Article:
Symmetry Partners, LLC, is an investment advisory firm registered with the Securities and Exchange Commission (SEC). The firm only transacts business in states where it is properly registered, or excluded or exempt from registration requirements. Registration with the SEC or any state securities authority does not imply a certain level of skill or training. Different types of investments involve varying degrees of risk, and there can be no assurance that the future performance of any specific investment, investment strategy, product or any noninvestment related content made reference to directly or indirectly in this commentary will be profitable, equal any corresponding indicated historical performance level(s), be suitable for your portfolio or individual situation, or prove successful. Due to various factors, including changing market conditions and/or applicable laws, the content may not be reflective of current opinions or positions. Please note the material is provided for educational and background use only. Moreover, you should not assume that any discussion or information contained in this material serves as the receipt of, or as a substitute for, personalized investment advice. Diversification seeks to improve performance by spreading your investment dollars into various asset classes to add balance to your portfolio. Using this methodology, however, does not guarantee a profit or protection from loss in a declining market. Past performance does not guarantee future results.

Index Disclosure and Definitions All indexes have certain limitations. Investors cannot invest directly in an index. Indexes have no fees. Historical performance results for investment indexes generally do not reflect the deduction of transaction and/or custodial charges or the deduction of an investment management fee, the incurrence of which would have the effect of decreasing historical performance. Actual performance for client accounts may differ materially from the index portfolios.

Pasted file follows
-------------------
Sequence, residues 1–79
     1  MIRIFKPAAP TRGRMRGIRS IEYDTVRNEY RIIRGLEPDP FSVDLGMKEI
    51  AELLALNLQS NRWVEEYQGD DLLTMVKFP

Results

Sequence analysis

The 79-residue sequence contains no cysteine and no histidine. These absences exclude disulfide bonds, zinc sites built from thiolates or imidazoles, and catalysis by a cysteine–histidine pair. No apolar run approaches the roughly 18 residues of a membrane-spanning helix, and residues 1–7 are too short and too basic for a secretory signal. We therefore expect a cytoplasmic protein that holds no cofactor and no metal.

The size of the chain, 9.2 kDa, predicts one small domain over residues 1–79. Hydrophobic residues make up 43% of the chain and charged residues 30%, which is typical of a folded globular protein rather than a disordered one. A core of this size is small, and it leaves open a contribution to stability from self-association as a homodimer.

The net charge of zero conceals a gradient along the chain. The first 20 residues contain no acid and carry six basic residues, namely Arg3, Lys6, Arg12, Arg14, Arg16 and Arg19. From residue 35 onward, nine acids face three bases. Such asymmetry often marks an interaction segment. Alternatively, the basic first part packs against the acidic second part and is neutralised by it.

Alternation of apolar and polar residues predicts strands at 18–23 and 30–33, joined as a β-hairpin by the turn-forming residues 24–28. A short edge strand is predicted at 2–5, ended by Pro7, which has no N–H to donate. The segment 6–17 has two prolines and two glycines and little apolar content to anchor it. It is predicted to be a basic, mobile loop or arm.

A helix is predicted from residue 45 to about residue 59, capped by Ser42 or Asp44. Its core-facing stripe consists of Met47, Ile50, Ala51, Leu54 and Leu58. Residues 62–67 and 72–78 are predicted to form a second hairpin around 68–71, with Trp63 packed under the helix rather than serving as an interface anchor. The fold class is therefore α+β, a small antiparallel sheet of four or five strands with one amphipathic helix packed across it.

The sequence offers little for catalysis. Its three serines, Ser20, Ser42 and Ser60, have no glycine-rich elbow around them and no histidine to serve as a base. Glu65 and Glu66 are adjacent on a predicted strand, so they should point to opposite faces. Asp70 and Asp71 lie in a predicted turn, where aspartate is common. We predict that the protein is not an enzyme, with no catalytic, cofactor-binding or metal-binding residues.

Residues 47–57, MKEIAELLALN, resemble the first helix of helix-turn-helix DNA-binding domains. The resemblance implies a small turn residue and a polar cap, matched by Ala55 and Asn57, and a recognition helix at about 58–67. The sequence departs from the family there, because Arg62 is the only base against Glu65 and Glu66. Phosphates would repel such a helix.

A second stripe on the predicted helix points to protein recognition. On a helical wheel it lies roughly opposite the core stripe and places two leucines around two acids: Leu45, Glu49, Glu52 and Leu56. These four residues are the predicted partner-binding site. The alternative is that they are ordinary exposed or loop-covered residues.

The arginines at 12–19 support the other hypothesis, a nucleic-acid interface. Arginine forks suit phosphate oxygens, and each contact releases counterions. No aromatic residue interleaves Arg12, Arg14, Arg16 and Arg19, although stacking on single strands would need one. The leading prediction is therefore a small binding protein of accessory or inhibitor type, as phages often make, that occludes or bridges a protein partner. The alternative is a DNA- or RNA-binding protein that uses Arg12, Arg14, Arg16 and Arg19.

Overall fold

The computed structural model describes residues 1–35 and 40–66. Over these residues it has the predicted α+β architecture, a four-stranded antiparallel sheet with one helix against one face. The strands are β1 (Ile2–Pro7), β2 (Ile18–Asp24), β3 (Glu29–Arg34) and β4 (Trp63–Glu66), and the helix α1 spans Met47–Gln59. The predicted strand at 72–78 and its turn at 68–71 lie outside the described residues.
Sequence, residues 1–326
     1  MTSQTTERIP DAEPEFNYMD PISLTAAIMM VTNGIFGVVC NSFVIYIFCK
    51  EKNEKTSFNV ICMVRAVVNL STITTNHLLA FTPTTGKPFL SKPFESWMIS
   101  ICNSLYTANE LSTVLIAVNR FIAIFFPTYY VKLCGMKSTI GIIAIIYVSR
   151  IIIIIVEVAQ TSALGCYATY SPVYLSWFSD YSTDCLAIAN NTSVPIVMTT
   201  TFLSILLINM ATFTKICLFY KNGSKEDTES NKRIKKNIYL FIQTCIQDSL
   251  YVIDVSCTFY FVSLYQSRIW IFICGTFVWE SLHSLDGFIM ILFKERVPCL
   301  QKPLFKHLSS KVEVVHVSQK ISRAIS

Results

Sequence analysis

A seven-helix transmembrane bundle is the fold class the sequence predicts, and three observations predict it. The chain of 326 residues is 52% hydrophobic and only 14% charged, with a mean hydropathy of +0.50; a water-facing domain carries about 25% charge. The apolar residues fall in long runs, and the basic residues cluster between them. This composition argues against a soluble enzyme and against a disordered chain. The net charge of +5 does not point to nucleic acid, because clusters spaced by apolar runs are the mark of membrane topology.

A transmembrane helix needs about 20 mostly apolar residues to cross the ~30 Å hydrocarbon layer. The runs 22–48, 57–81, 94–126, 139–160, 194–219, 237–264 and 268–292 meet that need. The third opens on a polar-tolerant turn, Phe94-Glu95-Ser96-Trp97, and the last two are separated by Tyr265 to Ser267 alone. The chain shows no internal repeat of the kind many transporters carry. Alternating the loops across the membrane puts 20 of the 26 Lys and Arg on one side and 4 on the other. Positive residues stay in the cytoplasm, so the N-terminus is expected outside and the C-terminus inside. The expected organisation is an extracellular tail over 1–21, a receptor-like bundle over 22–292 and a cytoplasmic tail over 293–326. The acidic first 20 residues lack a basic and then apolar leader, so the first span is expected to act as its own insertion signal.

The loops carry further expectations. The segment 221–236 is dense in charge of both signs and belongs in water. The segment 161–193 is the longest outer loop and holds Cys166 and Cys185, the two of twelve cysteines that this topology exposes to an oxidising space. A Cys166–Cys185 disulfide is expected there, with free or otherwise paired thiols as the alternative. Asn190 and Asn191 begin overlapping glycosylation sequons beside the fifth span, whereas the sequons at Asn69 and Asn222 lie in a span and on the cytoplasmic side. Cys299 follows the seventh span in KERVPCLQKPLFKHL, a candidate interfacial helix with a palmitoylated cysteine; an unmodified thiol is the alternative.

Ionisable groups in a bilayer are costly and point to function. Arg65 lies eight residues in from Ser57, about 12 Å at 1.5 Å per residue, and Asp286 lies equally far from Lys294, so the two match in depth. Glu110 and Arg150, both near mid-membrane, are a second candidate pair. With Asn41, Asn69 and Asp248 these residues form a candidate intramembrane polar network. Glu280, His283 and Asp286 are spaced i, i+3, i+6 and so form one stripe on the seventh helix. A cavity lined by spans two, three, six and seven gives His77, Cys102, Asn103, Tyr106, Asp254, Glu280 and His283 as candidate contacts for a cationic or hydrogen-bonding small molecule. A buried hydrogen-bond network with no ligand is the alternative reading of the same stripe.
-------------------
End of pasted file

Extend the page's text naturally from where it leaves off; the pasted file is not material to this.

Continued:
S&P 500 Index represents the 500 leading U.S. companies, approximately 80% of the total U.S. market capitalization. Dow Jones Industrial Average (DJIA) Is a price-weighted average of 30 significant stocks traded on the New York Stock Exchange (NYSE) and the NASDAQ. The Nasdaq Composite Index (NASDAQ) measures all Nasdaq domestic and international based common type stocks listed on The Nasdaq Stock Market, and includes over 2,500 companies. MSCI World Ex USA GR USD Index captures large and mid cap representation across 22 of 23 developed markets countries, excluding the US. The index covers approximately 85% of the free float adjusted market capitalization in each country. MSCI Emerging Markets Index is a free float-adjusted market capitalization index that is designed to measure equity market performance in the global emerging markets (as defined by MSCI). The index consists of the 25 emerging market country indexes. Bloomberg Barclays US Aggregate Bond Index measures the performance of the U.S. investment grade bond market. The index invests in a wide spectrum of public, investment-grade, taxable, fixed income securities in the United States – including government, corporate, and international dollar-denominated bonds, as well as mortgage-backed and assetbacked securities, all with maturities of more than 1 year. Bloomberg Barclays Global Aggregate (USD Hedged) Index is a flagship measure of global investment grade debt from twenty-four local currency markets. This multicurrency benchmark includes treasury, government-related, corporate and securitized fixed-rate bonds from both developed and emerging market issuers. Index is USD hedged.

 

© Morningstar 2022. All rights reserved. The information contained herein: (1) is proprietary to Morningstar and/ or its content providers; (2) may not be copied, adapted or distributed; and (3) is not warranted to be accurate, complete or timely. Neither Morningstar nor its content providers are responsible for any damages or losses arising from any use of this information, except where such damages or losses cannot be limited or excluded by law in your jurisdiction. Past financial performance is no guarantee of future results

 

[1] Morningstar Direct, as of July 1, 2022

[1] Morningstar Direct, as of July 1, 2022

[2] Morningstar Direct, as of July 1, 2022